A UK business must register for VAT if its sales exceed £79,000 in any 12 month period, or if it expects sales to exceed £79,000 in the next 30 days. If, at the end of the month you have exceeded the £79,000 limit, you will have 30 days to notify HM Revenue & Customs (HMRC) who will then register your business from the first day of the following month. So, if your business exceeds £79,000 on 13 November, you must notify HMRC no later than 30 December and your business will be VAT registered from 1 January 2014. That means you must charge VAT on all sales made after 1 January 2014. Otherwise you may be able to register voluntarily.
Why would I want to register voluntarily?
You can claim back VAT on your purchases.
A VAT number can lend your business a certain amount of credibility, by making it look larger than it actually is. Also, if you purchase from other EU countries then you may avoid incurring a VAT charge if you can exchange VAT numbers. The EU business simply charges you net of VAT.
Are there disadvantages of registering voluntarily?
Once your business has registered for VAT then you effectively become a tax collector for HMRC. This can have serious cashflow implications when you have to pay VAT over to HMRC at the end of VAT Return period. It will be imperative that you collect your sales invoices promptly as you could find your business having to pay over VAT to HMRC even if your customers have not settled their debts.
Once VAT registered there will be additional administrative burden of retaining proper books and records to record company transactions that should be fit for inspection by HMRC at any time. This is not a problem if you have an accountant or you already have a good accounting system.
Another very important disadvantage, you should consider the impact of VAT registration upon your business’ competitiveness and underlying profits.
Consider example 1, your business supplies widgets to other non-registered businesses at £10 each. Once you register for VAT you must charge VAT, so the price increases to £12 (£10 + 20% VAT). VAT registration has increased the price of your product by 20% overnight. If price is the principle driver that attracts buyers to your product, then you can see this increase will have an adverse impact on any competitive advantage you may have enjoyed. Alternatively, you may decide to keep your selling price at £10. So, you make a sale of £10 which includes VAT at 20%. £10 x 20/120 = £1.67 VAT included in the £10, your net price (before VAT) is therefore now £8.33. So, where you were previously enjoying a selling price of £10, after VAT is extracted your business can now sell at only £8.33, which will obviously hit profits.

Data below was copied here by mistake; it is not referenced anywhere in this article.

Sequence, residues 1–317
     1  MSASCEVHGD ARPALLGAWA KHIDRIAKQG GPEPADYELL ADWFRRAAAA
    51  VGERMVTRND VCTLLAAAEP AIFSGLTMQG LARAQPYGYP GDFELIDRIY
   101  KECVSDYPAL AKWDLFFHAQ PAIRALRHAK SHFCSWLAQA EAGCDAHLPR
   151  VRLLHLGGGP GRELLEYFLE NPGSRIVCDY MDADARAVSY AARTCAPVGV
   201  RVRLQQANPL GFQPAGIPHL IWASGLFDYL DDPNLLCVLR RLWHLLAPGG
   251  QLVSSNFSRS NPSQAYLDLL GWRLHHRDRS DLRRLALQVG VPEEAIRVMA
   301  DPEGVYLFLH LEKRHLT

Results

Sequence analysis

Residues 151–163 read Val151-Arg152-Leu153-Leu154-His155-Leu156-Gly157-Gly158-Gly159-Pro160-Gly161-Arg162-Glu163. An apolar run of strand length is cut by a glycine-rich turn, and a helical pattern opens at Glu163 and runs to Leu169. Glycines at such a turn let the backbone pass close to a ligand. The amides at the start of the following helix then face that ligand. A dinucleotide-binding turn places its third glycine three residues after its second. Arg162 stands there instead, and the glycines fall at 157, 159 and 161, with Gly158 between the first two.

Help with VAT Registration
My turnover is now £70,000 but I don’t like the sound of VAT registration, what can I do?
Well, HMRC have recognised that full VAT Registration can have a detrimental effect upon small businesses. Therefore, they have introduced a number of special schemes for small business which include:-
Flat rate scheme (FRS)
Using the Flat Rate Scheme you do not have to calculate the VAT on each and every transaction. Instead, you simply pay a flat rate percentage of your turnover as VAT. The rate your business will pay is usually far less than the standard rate of 20%, varying from 8.5% to 13%. Using the FRS you may not reclaim VAT on purchases, however, the reduced VAT rate means your business should save money.
Cash accounting scheme
Usually VAT is payable when an invoice is issued. In contrast, using the Cash Accounting Scheme, you do not need to pay VAT until your customer has paid you. But you also cannot reclaim VAT on your purchases until you have paid for them. Cash accounting can be beneficial for your cash flow especially if your customers are slow to pay or you have bad debts.
If you want to find our more about VAT then please feel free to contact me at firstname.lastname@example.org.
Tony Mann – Manager
Westbury Accountants and Business Advisors is an accountancy practice based in London. Westbury have been providing Accounting and Tax solutions to small and medium sized businesses since 1936. Talk to the team at Westbury on 0207 253 7272 or visit http://www.westbury.co.uk.